Running the SV Server in Kubernetes

This topic describes how to run the Service Virtualization server within the Kubernetes managed cloud.

Containers overview

A complete environment consists of following containers:

  1. SV Server – A runtime where you can host virtual services.

  2. Database – The SV Server requires a supported database to run.

  3. SV Management – A web front-end for the SV Server.

  4. AutoPass License Server – To run the virtual service in simulation mode, a license server with valid license is required.

The complete configuration with setup hints is available on GitHub:

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SV Server container

This section provides details and examples of how to configure the SV Server container in a Kubernetes environment.

  1. As a security best-practice you should run the SV Server container as a non-root user. This requires specific configuration of securityContext and securityContext aware Persistent Volumes.

    • Set runAsUser to the user under which the SV Server container runs; this is sv-server user (UID 1234).

    • Set fsGroup to the sv-server group (GID 1234), so that files created on Persistent Volumes are accessible to the SV Server process.

    securityContext should look like this:

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      runAsUser: 1234
      fsGroup: 1234
      fsGroupChangePolicy: "OnRootMismatch"
  2. The Agents and SV Server configuration, and all other configuration data, must be persistent and stored in a persistent volume. You must use securityContext aware persistent volumes to avoid file permission issues. For example, use local type and not hostPath type.

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     - name: sv-storage-work
       mountPath: /opt/microfocus/sv-server/work
       readOnly: false
  3. To access log files from a previous pod (for example, after a crash), the log directory must also be mounted to the Persistent Volume (the same requirements for securityContext apply here):

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      - name: sv-storage-logs
        mountPath: /opt/microfocus/sv-server/logs
        readOnly: false

  4. The SV Server must be stopped by SIGTERM instead of SIGKILL and its shutdown and startup must be synchronized. When stopping the pod, Kubernetes sends SKIGTERM to the process within the Docker container and waits the default timeout, 30 seconds. After, it kills the process by sending SIGKILL. By default, the image is configured to run the SV Server in shell (sh). The shell doesn't propagate SIGTERM to its child processes.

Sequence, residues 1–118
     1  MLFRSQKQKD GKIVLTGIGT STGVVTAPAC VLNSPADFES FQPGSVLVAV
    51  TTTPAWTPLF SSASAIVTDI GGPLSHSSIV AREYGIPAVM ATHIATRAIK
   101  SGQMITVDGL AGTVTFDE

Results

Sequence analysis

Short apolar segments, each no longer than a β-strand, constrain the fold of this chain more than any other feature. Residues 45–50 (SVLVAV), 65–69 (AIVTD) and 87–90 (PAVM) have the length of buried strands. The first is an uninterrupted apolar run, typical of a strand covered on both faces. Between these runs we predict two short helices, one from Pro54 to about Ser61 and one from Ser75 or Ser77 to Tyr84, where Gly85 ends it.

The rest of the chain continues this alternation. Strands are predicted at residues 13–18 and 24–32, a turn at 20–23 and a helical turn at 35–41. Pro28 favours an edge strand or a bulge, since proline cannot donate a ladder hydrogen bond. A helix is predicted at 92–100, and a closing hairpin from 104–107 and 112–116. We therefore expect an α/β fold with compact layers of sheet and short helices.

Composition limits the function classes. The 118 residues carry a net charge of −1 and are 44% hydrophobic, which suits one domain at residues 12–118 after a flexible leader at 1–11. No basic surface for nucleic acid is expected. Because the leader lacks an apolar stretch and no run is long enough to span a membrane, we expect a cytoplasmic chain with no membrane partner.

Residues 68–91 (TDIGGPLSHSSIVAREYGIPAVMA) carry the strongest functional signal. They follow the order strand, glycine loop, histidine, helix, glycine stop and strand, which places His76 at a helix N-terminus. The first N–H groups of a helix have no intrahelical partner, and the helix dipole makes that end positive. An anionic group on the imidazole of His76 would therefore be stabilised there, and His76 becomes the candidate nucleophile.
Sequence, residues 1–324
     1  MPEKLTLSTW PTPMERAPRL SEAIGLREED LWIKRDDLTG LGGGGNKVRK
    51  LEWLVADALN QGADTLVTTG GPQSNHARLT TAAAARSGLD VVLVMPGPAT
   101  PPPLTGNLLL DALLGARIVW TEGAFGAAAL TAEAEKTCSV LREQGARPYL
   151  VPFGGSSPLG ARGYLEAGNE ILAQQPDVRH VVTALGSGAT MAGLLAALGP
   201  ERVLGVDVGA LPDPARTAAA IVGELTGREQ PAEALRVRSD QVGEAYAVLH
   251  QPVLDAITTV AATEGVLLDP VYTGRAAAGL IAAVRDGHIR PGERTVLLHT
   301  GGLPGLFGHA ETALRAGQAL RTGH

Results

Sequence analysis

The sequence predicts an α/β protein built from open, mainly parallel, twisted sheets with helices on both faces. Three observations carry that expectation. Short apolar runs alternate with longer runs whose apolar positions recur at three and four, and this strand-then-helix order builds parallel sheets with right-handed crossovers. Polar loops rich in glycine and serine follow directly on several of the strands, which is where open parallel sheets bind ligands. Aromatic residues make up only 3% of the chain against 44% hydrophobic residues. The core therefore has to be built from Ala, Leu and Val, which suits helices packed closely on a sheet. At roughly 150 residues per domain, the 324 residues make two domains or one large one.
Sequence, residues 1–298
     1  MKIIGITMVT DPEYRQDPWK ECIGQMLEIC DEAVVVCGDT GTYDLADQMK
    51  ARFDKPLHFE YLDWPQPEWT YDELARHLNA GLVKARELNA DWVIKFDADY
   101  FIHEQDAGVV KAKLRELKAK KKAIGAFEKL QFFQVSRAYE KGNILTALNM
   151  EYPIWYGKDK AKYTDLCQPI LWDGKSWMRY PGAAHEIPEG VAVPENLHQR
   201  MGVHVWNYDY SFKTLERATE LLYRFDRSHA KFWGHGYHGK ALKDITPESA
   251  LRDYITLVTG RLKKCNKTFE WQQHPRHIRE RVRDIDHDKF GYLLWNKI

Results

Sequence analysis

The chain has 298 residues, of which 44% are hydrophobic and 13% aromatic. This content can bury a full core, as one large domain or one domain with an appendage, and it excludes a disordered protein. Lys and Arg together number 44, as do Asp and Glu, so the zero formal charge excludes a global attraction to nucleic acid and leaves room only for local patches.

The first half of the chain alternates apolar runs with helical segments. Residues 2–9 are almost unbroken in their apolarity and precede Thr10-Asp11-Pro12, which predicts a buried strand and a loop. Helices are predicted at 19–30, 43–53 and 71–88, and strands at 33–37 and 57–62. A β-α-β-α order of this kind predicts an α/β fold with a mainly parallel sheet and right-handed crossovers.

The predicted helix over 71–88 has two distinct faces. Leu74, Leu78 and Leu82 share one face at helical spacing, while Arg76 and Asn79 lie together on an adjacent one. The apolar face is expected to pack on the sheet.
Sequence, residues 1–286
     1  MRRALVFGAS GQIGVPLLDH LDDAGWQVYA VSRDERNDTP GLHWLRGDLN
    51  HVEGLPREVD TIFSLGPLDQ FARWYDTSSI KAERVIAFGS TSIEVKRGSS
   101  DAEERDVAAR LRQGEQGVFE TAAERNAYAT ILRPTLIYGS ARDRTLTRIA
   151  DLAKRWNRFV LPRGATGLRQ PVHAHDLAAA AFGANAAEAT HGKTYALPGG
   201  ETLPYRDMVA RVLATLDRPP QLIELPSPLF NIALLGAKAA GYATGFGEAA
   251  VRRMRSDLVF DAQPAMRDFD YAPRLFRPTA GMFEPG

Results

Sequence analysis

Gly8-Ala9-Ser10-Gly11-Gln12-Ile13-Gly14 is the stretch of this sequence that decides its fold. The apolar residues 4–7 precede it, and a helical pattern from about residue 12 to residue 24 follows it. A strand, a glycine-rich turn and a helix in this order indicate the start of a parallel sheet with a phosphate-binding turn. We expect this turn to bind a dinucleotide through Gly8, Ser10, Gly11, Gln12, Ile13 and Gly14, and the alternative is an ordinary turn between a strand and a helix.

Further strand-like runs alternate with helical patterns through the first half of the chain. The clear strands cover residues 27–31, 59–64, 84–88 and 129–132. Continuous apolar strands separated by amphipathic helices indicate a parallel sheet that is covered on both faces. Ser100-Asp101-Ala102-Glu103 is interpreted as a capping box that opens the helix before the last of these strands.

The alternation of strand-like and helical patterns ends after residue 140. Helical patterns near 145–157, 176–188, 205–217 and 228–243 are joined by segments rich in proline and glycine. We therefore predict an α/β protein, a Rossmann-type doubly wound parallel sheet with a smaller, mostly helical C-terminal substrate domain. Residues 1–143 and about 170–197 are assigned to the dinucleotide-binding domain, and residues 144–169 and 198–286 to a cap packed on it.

Within the SV Server deployment yaml file, the shell is replaced by bash:

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    command: ["/bin/bash","-c"]

    To synchronize the startup and shutdown, a lock file /opt/microfocus/sv-server/work/lock is used. When the server starts and finds a lock file, it waits until the file disappears, a maximum of 60 seconds. If something fails, the file might not be deleted by the previous pod.

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    command: ["/bin/bash","-c"]
    args: ["i=0 
            && while [ \"$i\" -lt 60 -a -f _/opt/microfocus/sv-server/work/lock ]; do  i=$((i+1)); sleep 1; done 
            && echo sv>/ sv-server/work/Agents/lock
            && / sv-server/work/bin/ && rm 

    A preStop hook is implemented to send SIGTERM to the SV Server process directly and delete the lock file:

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          - /bin/bash 
          - -c - kill -15 1; while kill -0 1; do sleep 5; done && rm 

    The following command extends the termination grace period timeout to 120 seconds:

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    terminationGracePeriodSeconds: 120
  5. To allow HTTPS agents, switch the Mono TLS provider to legacy.

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      value: "legacy"

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See also: